It does not come as a surprise at all as I do understand things can be mistaken at time.

        Agile does not demand you have to release with each iteration. the objective of iterative development is to get early feedback and create something that meet quality in short increments.

        The organization who is implement the software can definietly make sure that they don’t do something as killing someone because they are following Agile. I don’t mean to say that Agile methods are for everyone , if you choose into them, you will definietly find ways to leverage it to be successful.

        If it does not work for you that is great , however says that Agile will cause large business exposure is not just right .
        Good luck with what you are doing . I hope it turns out successful

      • Iterative development has a range of advantages but it is the anthesis of a designed system. Evolved systems allow adaptation as the people involved learn – this is the ideal domain for Agile. Designed systems are built to achieve a specific, constrained objective and go through a disciplined process.

  2. Pat,

    My take on the perspective on when not to use agile systems is where the system starts to get complex (e.g multiple systems integrated) AND the cost of failure is large.

    So website that integrated Paypal, twitter and Facebook among other things is fine to get wrong as the cost of recover is small.

    The risk when you are dealing with many months or years of independent system development is large and that’s where you need to work harder.

    But even this scenario needs to be observed at another layer of detail; complex enterprise software systems may be fine with agile development if you change the way the systems are built (integrate frequently, for example.)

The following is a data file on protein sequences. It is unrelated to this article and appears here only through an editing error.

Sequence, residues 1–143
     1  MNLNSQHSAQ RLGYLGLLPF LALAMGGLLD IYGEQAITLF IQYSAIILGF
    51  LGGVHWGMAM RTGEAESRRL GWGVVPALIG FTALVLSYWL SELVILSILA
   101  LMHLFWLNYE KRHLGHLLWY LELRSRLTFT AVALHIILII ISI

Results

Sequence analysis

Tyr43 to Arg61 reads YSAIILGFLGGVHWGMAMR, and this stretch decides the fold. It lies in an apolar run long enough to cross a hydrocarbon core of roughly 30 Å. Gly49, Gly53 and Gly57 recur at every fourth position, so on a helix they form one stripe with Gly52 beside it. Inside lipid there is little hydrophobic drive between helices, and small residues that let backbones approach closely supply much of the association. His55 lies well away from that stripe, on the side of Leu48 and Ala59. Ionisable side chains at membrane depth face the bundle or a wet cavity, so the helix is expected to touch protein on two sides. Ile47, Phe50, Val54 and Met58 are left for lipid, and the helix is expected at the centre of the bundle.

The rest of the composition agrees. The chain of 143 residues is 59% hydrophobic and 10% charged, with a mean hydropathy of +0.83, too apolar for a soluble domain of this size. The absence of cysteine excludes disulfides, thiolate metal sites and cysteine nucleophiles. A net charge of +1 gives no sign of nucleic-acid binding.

So the real segment where it gets hard to run agile projects is smaller; possibly just where physical assets and software assets are integrated – by teams that are not able to regularly integrate their work.

    What are your thoughts on this view?

  3. Our “Agile” project has turned into the most uncomfortable working experience I have had in 10 years. I have been wracking my brain trying to figure out why and have settled on this: first, we do not have the personalities needed to have a good Agile team (surly developers, meeting-haters) and we do not have an enthusiastic leader who is an Agile fan. I seriously think our team leader (PM) saw the “project management by team” Agile theory and saw that as a way for her to do nothing.

    • My take on Agile done well is there is a real need for very high levels of skill in the team leadership area and the project strategy and high level planning areas. Setting the right tone and direction for the project is not easy but without this framework the ‘iterations’ can become meaningless (unless the job is so small and simple people can do the work intuitively).

  4. Pingback: What is Agile? | Mosaicproject’s Blog